E-Serials Collection Management

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This informative volume gives you an up-close look at the increasingly important role that electronic serials play in the overall library collection, today and in the future. It addresses many of the themes, problems, and questions raised by this fast-evolving medium, including e-journal publishing issues, troubleshooting, and accreditation issues, as well as e-reserves, e-books, and more. In E-Serials Collection Management: Transitions, Trends, and Technicalities, library professionals from the United States, Canada, United Kingdom, and Australia discuss these issues, the problems they have faced, and the solutions they have developed for them.

To view an excerpt online, find the book in our QuickSearch catalog at www.HaworthPress.com.

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Editorial Reviews

Doody's Review Service
Reviewer: David Brennan, BA, MLS (Pittsburgh Theological Seminary)
Description: This book covers a number of issues related to the management of electronic serials collections, primarily from an academic library perspective.
Purpose: The purpose is to provide an overview of "many of the themes, problems, and questions raised by this newly ubiquitous medium [electronic serials]." These objectives are worthy, particularly for smaller academic libraries that are now focusing their attention on providing access to electronic resources. This book meets those objectives.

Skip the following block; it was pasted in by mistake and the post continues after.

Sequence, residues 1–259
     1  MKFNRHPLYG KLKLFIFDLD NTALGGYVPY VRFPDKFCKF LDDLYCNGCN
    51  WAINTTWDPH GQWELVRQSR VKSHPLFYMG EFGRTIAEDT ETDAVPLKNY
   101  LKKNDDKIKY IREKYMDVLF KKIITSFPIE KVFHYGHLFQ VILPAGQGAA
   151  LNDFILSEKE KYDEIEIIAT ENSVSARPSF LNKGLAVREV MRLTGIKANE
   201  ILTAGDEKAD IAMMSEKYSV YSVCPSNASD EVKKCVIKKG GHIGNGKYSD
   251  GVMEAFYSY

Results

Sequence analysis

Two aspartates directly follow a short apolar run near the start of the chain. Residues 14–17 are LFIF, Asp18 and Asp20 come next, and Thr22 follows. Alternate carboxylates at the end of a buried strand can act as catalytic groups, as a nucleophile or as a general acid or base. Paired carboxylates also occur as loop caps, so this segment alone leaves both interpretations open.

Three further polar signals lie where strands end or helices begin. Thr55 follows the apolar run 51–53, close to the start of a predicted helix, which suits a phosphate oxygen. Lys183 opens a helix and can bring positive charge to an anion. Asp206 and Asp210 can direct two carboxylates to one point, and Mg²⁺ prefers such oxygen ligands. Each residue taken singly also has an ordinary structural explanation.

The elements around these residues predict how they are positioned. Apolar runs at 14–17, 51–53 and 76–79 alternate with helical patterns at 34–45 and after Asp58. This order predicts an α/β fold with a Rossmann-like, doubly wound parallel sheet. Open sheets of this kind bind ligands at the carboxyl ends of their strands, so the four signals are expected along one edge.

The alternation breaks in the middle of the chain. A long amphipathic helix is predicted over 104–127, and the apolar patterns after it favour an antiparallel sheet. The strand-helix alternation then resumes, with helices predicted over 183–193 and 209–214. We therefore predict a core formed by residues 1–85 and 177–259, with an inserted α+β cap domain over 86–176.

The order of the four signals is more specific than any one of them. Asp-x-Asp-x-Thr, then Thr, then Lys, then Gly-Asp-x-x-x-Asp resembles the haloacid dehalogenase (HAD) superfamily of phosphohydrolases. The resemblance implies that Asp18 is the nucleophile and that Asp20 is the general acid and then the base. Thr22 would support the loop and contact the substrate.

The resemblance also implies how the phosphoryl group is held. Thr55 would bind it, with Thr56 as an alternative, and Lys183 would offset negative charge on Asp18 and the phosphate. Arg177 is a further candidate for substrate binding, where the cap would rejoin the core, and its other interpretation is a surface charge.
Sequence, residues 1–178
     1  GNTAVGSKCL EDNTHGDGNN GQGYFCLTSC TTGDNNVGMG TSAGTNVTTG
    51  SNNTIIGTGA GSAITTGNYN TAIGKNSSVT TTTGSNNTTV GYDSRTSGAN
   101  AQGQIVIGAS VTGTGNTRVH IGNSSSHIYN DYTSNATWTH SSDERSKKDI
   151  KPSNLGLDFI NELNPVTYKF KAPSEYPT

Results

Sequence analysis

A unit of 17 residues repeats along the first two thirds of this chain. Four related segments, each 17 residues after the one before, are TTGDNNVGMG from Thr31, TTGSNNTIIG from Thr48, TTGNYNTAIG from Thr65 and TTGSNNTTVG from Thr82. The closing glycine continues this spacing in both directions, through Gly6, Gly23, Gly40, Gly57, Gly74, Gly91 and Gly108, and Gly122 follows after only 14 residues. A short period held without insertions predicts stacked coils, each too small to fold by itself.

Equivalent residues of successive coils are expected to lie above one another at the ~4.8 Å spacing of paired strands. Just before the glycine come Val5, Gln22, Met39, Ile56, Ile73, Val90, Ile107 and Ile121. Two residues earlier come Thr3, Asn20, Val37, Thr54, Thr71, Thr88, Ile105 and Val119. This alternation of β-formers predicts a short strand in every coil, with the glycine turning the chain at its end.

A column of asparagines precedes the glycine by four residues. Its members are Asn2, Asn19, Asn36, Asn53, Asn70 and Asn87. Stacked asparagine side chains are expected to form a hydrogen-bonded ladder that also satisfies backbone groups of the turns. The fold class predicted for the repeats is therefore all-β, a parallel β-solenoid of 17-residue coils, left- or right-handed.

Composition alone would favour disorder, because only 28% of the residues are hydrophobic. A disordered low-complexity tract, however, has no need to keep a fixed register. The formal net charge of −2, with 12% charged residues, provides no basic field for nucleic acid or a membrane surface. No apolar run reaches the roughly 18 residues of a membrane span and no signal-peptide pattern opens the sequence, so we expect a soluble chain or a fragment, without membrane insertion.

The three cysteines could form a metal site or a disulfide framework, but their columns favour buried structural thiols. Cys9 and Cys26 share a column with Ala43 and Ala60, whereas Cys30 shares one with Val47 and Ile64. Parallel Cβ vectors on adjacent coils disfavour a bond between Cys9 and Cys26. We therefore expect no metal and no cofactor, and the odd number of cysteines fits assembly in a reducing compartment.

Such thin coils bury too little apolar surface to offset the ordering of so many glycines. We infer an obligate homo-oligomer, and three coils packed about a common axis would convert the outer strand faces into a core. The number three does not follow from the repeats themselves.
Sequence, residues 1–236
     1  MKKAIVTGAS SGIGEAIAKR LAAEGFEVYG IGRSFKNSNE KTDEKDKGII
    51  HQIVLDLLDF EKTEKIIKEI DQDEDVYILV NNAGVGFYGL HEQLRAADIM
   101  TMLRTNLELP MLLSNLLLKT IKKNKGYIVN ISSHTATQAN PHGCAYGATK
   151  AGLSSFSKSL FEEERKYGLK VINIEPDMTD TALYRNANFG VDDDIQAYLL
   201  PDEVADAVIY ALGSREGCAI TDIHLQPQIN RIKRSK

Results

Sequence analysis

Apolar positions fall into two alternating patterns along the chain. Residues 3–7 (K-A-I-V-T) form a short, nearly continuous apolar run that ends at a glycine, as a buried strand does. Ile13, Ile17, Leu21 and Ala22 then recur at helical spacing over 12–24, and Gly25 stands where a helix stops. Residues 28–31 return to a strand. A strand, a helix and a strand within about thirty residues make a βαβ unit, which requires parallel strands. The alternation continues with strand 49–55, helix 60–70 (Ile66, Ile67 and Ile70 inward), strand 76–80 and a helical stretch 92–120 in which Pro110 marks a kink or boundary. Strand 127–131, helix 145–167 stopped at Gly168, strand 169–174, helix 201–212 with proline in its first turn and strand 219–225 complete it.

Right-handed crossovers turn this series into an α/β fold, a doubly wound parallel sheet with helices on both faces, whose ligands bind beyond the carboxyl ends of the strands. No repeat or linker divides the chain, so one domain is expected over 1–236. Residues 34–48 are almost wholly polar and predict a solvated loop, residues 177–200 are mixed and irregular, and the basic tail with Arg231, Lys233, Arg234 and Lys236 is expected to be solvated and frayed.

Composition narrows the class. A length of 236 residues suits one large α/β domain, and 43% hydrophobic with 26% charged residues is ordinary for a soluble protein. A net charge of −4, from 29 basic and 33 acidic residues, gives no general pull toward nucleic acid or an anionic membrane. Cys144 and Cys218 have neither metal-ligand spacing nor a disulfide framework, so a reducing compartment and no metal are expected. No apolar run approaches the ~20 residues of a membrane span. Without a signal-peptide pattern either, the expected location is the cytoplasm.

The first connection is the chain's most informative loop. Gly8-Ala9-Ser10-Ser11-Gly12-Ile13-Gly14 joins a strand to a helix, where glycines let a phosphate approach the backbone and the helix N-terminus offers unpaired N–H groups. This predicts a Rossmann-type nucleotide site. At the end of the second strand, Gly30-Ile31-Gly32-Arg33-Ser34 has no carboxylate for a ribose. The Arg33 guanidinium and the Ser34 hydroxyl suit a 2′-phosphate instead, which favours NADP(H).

Audience: The book is written for the practitioner, but it is equally useful for the student, and may indeed be a good choice for a course textbook. The chapters on "Using a subscription agent for electronic journals" (Ch. 2) and "Consortia and electronic journals" (Ch. 5) would be particularly suited for students, while less useful for those already in the field. The authors bring a wide range of appropriate experience to their respective chapters.
Features: The book covers the basics of managing electronic serials collections, from purchasing/access options to collection development and working with usage data. The collection development chapter makes good use of graphics to illustrate survey results. A weakness of the book is the chapter on electronic reserves, which deals with copyright issues in reserve collections. Drawing on a case from an Australian library, the copyright regulations cited differ from those in the U.S. as well as Canada and the U.K. A more general approach to copyright and licensing would have been more effective for different audiences, and indeed is a major component of the management of all electronic collections.
Assessment: This is a good introduction to the management issues involved in dealing with electronic serials collections and will be a useful resource to students and staff in libraries seeking ways to better manage their resources.